They are altogether a most unique series, and Christian art has nothing to show which at all resembles them. Specially do we feel that Mr. Shields has entered into deep communion with the old Hebrew prophets.
Left: Moses with the Law. Middle: St. Paul. Right: Jonah and the Whale. [Click on images to enlarge them.]
If any may be selected where all are of so high an order of merit, I should choose to mention a grand conception of Moses, standing lonely and awful on Mount Sinai; David, the King and poet, filled with the divine fire; Jonah springing triumphant from the whale's mouth, a very incarnation of Life out of Death; and St. Paul, from whose eyes the Spirit looks forth with compelling power, and whose poor body, aged, worn with stripes, imprisonments, labours, watchings, hunger and thirst, testify to his sufferings for Christ's sake. The downfall of Paganism is indicated in this last design by the shattered image of Pan to the right of the saint.
Distributed below each two panels of apostles and prophets is a smaller picture of some scene closely connected with the mission or teaching of the prophets or apostles above.
Thus, beneath St. Stephen and St. Paul, the missionary saints, is a design representing the vision of the man of Macedonia in chains and darkness, crying across the sea, “Come over and help us.” Below Joel and Jonah is an exquisite rendering of the Widow of Sarepta, with her child newly given back to her from the grave.
And this connection of idea prevails throughout the twelve pictures that form the terminals to the series of prophets and apostles.
Of all the work in the chapel, none exceed in beauty and delicacy these small designs. They are wrought in colour of bronze storm clouds, and with the prophets and apostles surmounting them — whose prevailing note of dusky gold deepening to brown contributes to a harmonious sobriety — serve the subsidiary purpose of pulling all the work together as it were, and giving oneness to the general artistic effect of the chapel.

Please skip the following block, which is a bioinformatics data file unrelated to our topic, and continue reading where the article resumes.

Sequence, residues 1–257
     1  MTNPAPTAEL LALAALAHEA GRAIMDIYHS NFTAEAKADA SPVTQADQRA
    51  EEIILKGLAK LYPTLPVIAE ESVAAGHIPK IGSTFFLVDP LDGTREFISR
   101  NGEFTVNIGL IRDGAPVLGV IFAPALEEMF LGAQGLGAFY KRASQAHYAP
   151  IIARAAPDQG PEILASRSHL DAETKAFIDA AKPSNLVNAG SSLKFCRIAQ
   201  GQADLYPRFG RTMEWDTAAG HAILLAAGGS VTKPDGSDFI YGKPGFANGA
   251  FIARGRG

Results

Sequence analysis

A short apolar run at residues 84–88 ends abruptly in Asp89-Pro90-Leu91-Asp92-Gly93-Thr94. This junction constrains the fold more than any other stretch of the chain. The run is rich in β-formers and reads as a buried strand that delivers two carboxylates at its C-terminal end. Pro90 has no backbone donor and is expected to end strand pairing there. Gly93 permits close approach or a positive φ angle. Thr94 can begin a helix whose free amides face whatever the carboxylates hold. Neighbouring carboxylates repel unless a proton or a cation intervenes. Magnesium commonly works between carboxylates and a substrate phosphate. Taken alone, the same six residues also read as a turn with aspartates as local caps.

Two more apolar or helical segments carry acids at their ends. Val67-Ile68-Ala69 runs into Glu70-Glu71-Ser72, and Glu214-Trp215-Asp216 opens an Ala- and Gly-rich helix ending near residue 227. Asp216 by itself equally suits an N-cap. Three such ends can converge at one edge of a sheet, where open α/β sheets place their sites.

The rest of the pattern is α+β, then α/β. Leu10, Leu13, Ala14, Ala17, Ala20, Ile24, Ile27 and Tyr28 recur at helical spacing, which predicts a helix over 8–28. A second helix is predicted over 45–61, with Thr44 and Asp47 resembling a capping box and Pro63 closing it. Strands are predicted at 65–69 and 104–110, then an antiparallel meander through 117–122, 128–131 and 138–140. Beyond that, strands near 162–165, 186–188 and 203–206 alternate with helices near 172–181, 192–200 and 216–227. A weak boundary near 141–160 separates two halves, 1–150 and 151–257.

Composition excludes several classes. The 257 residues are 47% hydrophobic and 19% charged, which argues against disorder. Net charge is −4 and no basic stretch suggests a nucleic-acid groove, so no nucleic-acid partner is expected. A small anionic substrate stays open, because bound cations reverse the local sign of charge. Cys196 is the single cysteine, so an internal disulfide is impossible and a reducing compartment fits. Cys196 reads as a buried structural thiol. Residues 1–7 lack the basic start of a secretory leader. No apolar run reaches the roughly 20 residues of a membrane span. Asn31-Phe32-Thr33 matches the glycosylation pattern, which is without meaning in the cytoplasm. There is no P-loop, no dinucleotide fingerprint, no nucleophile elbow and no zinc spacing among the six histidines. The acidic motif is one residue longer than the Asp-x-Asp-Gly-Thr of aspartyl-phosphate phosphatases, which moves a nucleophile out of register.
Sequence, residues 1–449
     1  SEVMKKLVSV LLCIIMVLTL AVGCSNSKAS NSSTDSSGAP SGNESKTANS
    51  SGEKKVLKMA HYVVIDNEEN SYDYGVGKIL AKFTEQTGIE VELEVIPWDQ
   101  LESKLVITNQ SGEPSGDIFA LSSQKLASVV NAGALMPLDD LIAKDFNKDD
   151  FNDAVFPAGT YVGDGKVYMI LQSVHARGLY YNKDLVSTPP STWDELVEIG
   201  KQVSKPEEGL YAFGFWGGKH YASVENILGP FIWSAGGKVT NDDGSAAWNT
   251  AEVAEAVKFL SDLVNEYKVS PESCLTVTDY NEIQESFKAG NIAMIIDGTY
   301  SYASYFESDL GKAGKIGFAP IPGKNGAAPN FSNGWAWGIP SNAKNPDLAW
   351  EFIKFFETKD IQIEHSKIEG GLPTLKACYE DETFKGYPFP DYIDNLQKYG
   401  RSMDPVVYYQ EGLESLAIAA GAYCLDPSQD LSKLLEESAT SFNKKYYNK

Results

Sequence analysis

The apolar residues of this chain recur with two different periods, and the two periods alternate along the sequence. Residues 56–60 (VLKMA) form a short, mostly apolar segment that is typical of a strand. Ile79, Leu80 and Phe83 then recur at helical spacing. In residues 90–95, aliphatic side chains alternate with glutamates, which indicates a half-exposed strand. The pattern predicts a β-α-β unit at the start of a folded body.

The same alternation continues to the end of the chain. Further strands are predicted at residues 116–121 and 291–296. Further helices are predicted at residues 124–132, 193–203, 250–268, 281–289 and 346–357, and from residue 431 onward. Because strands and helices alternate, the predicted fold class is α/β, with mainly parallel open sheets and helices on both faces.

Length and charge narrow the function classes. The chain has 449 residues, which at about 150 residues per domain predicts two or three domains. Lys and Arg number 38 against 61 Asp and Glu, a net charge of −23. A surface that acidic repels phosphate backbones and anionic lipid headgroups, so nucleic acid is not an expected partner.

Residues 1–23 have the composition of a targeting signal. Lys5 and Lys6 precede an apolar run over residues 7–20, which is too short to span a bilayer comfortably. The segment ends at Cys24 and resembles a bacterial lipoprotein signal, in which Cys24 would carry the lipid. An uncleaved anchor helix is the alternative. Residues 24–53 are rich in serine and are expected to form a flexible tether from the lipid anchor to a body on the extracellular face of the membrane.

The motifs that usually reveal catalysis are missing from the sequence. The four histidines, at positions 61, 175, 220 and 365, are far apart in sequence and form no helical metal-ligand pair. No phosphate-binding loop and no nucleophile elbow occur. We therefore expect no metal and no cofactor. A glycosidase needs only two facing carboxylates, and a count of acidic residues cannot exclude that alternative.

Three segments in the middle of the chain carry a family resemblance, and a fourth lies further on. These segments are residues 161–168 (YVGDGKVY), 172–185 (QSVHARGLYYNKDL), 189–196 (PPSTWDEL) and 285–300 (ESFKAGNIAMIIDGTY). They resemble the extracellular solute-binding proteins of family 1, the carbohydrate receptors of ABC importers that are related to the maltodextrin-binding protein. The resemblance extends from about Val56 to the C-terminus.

But the summit of spiritual significance and beauty is achieved by crowning the height of the wall with a flight of angels.
By means of the beautiful symbolism which is incarnated in them, Mr. Shields has set a special emphasis — a climax, one might say — over each of the designs of prophets and apostles with their relative terminals, decorating the wall immediately below the angels. Over St. Paul, and the Man from Macedonia, flies a veritable “Bird of God,” bearing in his hand a mission ship with a dove as figure-head, and a sail blazoned with a cross.
Then we note another, who in throbbing rose colour deepening to crimson and golden hovers over St. Simon Zelotes and St. Jude and the design below, and appro priately reminds us of that day when the tares shall be cut down with a reaping hook and cast into the fire.
In the same way the spirit of each of the numerous groups of designs seems to be drawn up like some vital essence and made visible in these skyey messengers of God.
None of them is more beautiful than the one who, clad in tremulous rain-washed greys with faint pink and primrose about him, bears the triumphant banner of victory over the grave, and symbolises the truth which St. Thomas so hardly learned, that there is resurrection after death, that indeed death is but the doorway into a fuller life.
Each of the fourteen angels that surrounds the chapel's height, in colour, position, and form, has a definite correspondence with the spiritual world. They are pregnant with meaning and resplendent in beauty.
Between the angels and set over the large cartoons are long and narrow intermediate panels filled with designs, which a little recall the work of William Blake.